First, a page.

Adonis Diaries

A task scheduled in the “daily achievement program” is not a chore…

Posted on: February 7, 2012

A task scheduled in the “daily achievement program” is not a chore…

Do you think that the task of dish-washing requiring an hour of labor is the same as if the quantity to wash is less than half an hour?  Which task is easier to carry out relevant to the duration for washing dishes?

Last month was unusually cold for Lebanon, especially for those not able to afford “fuel” for their heating systems.  Mother didn’t feel like washing dishes since we lacked running hot water, and her hands and fingers would freeze and ache.  I decided to schedule an hour after my late supper for that task.

The process is that I heat some water, donned the plastic gloves, empty the dirty containers in the toilet, add detergent in a special plastic bucket and start slowly but surely to wash dishes, utensils and pots and pans.  One item at a time and the huge pile in the sink would dwindle. I made sure to clean the entire kitchen, floor and oven.  The kitchen didn’t need any “retouch” for mother as she wakes up.

As the weather warmed up, mother returned to her old habit of washing dishes three times a day. I told her to let the sink fill to the ream, and I will take care of the task late at night, but she would not listen.  We have enough dishes, utensils, pots and pans to fill half a dozen large sinks, but habit prevails.  I know mothers who would immediately wash any single dish as it is deposited in the sink!

I had started to consider the task of dish washing as another relaxing scheduled period in my “daily achievement program”: I could focus on this task and relax…

With fewer dirty dishes in the sink that would not require that much duration, I don’t bother with the washing.  I could schedule this shorter task into my program, but it feels more of a chore, a harassment than anything else. I am not doing dish-washing unless the sink is almost filled.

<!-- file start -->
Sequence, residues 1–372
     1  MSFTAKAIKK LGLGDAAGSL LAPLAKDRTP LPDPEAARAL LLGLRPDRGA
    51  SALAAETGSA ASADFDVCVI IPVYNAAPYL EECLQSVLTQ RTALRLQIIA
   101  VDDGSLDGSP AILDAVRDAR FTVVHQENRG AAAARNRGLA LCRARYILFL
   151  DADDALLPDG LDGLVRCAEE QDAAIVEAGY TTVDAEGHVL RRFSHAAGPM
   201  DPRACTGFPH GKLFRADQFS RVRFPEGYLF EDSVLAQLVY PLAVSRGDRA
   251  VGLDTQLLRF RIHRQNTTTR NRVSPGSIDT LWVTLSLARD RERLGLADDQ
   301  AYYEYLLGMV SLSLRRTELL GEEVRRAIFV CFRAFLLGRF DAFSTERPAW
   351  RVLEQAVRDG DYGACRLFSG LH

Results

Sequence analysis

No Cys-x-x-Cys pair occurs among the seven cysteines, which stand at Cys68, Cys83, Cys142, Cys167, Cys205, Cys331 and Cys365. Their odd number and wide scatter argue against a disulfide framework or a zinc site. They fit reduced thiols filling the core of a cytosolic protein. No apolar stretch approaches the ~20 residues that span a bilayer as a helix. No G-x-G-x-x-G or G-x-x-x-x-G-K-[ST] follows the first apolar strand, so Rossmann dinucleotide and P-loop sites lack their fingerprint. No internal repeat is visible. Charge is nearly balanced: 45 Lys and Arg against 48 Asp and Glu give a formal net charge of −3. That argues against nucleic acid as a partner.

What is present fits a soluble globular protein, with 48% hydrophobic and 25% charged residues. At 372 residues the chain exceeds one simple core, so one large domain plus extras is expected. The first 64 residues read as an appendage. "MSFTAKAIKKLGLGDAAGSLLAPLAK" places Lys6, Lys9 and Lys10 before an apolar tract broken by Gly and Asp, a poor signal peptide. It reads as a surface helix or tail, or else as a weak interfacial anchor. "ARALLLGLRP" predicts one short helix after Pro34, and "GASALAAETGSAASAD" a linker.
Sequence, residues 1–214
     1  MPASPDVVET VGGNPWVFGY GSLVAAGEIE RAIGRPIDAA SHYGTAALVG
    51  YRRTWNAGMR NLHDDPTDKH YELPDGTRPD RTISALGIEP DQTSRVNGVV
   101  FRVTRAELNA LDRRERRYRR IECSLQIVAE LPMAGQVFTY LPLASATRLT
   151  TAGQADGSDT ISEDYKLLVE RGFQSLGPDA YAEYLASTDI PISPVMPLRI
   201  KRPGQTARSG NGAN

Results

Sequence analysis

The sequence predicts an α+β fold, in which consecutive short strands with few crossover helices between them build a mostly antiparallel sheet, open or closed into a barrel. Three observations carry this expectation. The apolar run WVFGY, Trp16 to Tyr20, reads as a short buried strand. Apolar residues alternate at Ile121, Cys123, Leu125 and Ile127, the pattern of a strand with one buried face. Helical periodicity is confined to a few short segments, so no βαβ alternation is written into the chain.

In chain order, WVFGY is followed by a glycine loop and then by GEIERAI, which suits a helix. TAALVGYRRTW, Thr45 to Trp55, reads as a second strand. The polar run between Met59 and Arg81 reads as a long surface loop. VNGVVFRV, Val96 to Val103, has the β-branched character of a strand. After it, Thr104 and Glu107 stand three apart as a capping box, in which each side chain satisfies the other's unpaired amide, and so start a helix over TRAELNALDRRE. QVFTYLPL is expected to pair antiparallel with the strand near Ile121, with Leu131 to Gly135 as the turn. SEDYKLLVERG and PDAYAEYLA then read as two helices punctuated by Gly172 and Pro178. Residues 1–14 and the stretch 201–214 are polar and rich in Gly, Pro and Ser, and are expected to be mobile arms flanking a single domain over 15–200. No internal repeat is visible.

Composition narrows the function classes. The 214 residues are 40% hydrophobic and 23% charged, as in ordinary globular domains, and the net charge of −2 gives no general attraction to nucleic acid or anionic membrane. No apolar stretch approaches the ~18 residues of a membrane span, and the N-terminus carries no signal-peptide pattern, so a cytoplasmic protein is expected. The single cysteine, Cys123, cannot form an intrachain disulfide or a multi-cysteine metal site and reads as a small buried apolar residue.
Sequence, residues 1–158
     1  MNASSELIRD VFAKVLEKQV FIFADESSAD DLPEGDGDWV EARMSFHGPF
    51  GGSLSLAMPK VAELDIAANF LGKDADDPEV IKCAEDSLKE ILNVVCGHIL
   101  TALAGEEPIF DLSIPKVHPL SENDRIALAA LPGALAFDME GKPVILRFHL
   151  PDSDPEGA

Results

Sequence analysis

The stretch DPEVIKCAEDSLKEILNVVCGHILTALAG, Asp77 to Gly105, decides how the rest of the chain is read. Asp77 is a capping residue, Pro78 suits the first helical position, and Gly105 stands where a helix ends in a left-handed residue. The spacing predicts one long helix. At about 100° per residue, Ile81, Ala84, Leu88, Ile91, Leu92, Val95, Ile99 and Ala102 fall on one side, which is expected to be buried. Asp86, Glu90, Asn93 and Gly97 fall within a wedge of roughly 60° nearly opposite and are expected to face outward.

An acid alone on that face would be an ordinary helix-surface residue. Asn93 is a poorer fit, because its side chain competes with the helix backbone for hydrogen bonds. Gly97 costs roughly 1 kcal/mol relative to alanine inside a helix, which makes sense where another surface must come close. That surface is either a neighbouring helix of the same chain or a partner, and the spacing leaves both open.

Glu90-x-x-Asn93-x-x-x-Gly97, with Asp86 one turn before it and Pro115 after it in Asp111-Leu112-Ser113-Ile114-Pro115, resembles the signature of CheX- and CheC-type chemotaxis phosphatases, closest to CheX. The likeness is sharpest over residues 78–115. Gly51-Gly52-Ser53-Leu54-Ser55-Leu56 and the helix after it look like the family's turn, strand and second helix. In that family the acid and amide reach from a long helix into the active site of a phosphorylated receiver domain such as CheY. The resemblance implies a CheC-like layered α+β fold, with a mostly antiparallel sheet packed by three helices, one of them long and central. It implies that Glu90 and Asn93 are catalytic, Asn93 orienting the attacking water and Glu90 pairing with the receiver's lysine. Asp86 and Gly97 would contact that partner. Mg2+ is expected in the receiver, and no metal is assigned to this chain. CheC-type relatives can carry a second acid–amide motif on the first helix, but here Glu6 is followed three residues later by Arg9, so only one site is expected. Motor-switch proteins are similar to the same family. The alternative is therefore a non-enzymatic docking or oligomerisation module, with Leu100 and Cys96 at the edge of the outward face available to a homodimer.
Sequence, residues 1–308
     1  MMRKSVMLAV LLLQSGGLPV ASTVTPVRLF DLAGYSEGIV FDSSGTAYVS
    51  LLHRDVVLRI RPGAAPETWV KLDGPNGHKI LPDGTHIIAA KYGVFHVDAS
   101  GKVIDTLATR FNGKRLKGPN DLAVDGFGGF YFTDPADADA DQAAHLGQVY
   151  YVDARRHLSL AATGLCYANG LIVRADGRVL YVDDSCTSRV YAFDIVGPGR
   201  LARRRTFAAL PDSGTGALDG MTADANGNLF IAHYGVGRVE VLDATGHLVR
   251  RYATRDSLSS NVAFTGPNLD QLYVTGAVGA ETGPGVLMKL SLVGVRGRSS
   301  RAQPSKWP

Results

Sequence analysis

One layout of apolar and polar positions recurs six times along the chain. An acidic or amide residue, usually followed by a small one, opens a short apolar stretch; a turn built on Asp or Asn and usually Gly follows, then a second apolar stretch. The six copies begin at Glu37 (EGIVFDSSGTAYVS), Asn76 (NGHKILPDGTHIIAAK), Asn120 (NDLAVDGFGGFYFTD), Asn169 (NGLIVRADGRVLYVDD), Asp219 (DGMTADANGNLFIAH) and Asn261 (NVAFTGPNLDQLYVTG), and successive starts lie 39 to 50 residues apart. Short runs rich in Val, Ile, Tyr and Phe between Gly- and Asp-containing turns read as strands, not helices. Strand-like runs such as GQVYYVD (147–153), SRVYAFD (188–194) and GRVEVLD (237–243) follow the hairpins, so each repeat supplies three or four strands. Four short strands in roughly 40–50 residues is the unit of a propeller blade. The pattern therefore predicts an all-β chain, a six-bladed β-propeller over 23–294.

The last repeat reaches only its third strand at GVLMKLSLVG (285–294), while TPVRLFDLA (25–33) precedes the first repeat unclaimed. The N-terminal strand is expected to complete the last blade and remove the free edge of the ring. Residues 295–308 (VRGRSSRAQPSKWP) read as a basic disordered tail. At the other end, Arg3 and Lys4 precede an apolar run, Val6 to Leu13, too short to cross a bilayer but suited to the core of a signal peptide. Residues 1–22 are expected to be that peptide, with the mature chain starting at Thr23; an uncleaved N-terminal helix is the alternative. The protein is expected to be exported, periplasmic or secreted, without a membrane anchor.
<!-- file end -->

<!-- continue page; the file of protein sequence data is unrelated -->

Obviously, if we had warm running water, mother would be very thrilled to dip her hands in the warm sink, and alleviate the aches in her arthritic hands.

A task scheduled in the “daily achievement program” is not a chore: It is a task well done, with contentment.

A bonus story: I know people who are smart enough to quickly discover the shaky premises in their passions, and thus, they are unable to sustain a passion for long enough to bear fruits.  They invent an ingenious excuse like: “I am genetically prone to periodic mood swing and depressive phases”, and they promote their condition.  Soon, they start deeply believing their created excuse: They cannot function normal unless they exhume or discover a temporary passion to drive their days…In few instances, they participate in long protracted benevolent projects and carry the project through, only to relapse to the “depressive mood” after the project is over:  The tedious and demanding well done project was sort of compensation for having dropped out in so many programs and projects…They are seeking a new passions…another round of depressive phases…

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February 2012

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